Above we see police working crowd patrol at the Republican National Convention, which I’ve juxtaposed next to some Star Wars stormtroopers. As our police slowly get more militarized most people don’t seem to care, but I wonder how many convention attendees notice the irony of only caring about limited government when it’s helping people pay for healthcare. I had some small hope that the libertarian wing in the Republican Party might assert itself and fight against the perversity of “free-speech” zones and new war zones outside America and, now, within.
Earlier this year Dan Savage upset the sensitivity of our future journalists by exposing them to views that differ from their own. Afterwards, Brian Brown, President of the National Organization for Marriage and self-appointed nanny of Christian teens, challenged Savage to a debate. Here’s the result:
The moderator Mark Oppenheimer asks Savage and Brown if there “is any evidence that could come that would cause you to change your mind and your positions in any way?” That question is the benchmark of reasonableness, as I’ve argued before. Savage would change his mind if the harms outweighed the benefits.
I disagree with your experiential Karl Popper analysis in the first place with something like this because this is an area of first principle. This is an area of basic reason. It’d be like saying, ‘would you find evidence… what would convince you that a square could be a circle?’
So, no, nothing would change his mind. To Brown and many like him, it doesn’t matter whether depriving citizens of the right to enter into a legally binding relationship with the person they love causes harm to those people. It doesn’t matter if children of gay parents suffer if their parents can’t get married. Marriage equality ought not happen and nothing can (even in principle) change his mind, according to Brown, because marriage is definitionally a union between the two halves of humanity and changing it would “fundamentally damage” the institution. Here we have a revealing illustration of same-sex marriage opponents’ priorities. They care more about lexicographical rigidity than the wellbeing of actual people.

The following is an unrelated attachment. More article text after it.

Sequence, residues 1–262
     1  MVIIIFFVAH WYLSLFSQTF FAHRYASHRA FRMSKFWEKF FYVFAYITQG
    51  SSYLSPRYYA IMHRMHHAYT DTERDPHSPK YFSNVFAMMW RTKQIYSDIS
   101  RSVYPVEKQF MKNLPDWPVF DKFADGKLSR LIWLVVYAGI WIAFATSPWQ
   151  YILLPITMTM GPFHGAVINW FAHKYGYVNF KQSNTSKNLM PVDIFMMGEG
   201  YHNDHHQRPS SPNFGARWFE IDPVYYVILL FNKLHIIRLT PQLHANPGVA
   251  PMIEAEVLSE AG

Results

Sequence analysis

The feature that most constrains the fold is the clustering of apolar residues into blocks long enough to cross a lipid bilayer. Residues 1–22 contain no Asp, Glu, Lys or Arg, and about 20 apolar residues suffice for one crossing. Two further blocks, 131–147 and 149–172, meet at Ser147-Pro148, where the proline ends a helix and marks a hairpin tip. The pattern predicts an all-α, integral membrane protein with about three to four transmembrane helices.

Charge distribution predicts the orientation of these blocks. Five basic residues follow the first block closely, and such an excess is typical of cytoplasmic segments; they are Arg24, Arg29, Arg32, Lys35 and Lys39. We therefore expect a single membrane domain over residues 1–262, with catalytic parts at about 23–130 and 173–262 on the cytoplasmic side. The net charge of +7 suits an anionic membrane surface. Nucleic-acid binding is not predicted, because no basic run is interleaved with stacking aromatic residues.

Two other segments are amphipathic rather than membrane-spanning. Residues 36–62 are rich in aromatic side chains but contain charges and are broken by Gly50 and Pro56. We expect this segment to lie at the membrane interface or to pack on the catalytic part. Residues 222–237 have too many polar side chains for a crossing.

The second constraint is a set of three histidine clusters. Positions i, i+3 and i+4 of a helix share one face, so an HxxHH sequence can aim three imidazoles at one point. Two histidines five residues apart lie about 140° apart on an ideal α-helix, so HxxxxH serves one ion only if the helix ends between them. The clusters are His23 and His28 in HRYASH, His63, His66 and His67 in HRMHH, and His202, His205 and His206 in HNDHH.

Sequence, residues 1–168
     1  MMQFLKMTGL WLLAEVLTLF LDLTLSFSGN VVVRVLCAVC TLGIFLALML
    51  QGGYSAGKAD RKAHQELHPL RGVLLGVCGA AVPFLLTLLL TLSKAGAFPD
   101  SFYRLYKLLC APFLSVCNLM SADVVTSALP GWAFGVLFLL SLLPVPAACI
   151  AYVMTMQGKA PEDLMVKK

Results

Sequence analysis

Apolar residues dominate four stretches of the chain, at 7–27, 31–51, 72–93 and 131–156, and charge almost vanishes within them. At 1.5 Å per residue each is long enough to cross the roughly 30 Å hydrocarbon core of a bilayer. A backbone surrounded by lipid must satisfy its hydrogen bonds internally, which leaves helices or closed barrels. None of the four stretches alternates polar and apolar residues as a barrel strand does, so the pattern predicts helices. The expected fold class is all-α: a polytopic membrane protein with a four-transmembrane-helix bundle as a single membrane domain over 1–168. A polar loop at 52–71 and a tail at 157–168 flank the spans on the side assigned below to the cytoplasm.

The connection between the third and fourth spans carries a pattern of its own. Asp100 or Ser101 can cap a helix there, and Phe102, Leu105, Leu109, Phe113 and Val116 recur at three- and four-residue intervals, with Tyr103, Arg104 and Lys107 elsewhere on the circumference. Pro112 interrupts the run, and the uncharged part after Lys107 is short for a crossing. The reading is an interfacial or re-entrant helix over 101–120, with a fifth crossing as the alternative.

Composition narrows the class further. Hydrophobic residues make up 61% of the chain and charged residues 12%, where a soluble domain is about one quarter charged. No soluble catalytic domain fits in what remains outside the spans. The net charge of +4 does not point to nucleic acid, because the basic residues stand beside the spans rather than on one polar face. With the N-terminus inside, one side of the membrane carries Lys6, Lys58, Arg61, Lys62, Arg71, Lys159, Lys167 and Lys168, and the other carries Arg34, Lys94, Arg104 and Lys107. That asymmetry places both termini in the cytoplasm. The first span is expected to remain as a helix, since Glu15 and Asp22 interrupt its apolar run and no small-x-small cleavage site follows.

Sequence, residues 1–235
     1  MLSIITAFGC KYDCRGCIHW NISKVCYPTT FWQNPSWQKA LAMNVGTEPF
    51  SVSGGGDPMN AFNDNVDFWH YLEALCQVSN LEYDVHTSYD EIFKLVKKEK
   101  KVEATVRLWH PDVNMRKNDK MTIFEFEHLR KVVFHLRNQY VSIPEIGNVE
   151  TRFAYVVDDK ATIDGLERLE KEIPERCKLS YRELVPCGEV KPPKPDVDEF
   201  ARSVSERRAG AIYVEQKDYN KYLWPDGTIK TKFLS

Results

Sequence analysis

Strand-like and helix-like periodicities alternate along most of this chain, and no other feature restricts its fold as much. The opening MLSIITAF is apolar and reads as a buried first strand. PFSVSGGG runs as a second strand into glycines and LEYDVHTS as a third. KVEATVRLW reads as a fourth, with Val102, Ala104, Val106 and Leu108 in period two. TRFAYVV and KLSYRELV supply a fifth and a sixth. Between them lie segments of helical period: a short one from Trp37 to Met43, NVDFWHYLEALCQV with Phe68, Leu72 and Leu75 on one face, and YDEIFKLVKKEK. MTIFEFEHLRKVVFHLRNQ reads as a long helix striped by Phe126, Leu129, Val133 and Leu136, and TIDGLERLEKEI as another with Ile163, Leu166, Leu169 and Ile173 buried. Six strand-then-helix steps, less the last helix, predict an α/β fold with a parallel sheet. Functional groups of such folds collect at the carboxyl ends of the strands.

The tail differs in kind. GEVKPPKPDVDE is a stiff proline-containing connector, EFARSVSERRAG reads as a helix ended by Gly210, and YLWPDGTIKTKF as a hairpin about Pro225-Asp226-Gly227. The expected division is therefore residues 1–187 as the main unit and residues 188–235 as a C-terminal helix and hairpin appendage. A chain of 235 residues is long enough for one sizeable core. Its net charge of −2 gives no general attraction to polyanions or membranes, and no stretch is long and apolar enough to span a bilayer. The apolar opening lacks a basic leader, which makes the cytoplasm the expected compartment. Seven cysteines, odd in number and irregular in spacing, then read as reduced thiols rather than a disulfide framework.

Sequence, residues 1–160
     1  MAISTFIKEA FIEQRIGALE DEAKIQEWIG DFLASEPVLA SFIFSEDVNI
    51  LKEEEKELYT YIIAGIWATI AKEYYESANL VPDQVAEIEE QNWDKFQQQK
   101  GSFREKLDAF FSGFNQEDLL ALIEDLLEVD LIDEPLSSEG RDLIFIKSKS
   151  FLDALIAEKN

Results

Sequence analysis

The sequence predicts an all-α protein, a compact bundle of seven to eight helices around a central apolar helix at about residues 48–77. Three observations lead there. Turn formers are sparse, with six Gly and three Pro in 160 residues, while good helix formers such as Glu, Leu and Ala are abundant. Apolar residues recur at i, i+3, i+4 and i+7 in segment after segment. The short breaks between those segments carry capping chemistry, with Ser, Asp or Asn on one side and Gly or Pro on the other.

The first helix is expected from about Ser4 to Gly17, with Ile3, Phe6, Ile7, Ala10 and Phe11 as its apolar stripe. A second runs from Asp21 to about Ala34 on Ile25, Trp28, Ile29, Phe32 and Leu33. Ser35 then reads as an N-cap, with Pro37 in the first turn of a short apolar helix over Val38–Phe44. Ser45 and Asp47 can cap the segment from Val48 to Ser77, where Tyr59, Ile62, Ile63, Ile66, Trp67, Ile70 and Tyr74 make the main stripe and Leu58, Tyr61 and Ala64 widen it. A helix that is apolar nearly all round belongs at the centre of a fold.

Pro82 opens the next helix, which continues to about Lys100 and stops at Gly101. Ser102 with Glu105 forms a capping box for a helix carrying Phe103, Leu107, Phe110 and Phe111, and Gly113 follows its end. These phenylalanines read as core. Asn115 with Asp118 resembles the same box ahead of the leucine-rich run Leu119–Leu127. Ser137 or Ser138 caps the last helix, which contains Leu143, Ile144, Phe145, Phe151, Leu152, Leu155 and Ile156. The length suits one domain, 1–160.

Almost everyone advocating a particular political viewpoint will get labeled as a partisan at some point. I often take the progressive side of many arguments and so, of course, I’ve heard I am a partisan Democrat. Amusingly, in college I heard from time-to-time that I was a Republican hack because I supported free trade and opposed affirmative action.
These types of criticisms can be very frustrating, but in a world where so many people are partisan hacks I can understand the impulse. I’m not going to lay out an elaborate how-to guide on differentiating partisanship and genuine agreement, but a good way to distinguish the two is by determining the level of honesty and originality.
Is the argument purposefully deceitful? Is it just rehashed from a political source without criticism or context? Media that represents an honest ideological perspective is appropriate; partisan media that acts as propaganda is shameful. Rachel Maddow is an honest left-wing commentator. Al Sharpton, on the same network, as a policy refuses to criticize the president… he’s a partisan hack. The latest example comes from The Weekly Standard and Fox News. They both decided to post the same misleading graph (tweaked to make seem original) they got from the Republican Party:
(via The Monkey Cage)
Ok, so we have one side of the ledger: Our supposed watchdog media uncritically disseminating graphs from one of our major political parties. Yet to be true partisan hackery it needs to be dishonest too. Is it?
As I was researching this I realized that Media Matters is making a similar point to me and helpfully drew the graph to scale:
It’s bad enough when the press gives hacks a platform; it’s a whole new low when they are the hacks.
It turns out science journalist, Jonah Lehrer, had been fabricating quotes and lying about it when questioned. Lehrer, it’s clear from the disclaimer on all his New Yorker blog posts, has also been recycling his own material without alerting his publisher or readers. I’m very disappointed by all of this. I disagreed from time-to-time with Lehrer, but I enjoyed his work enough to link him in my blogroll [now removed].
Lazy dishonesty has ruined the career of a promising young talent. In response, Sam Harris is offering his ebook, Lying, free for a week.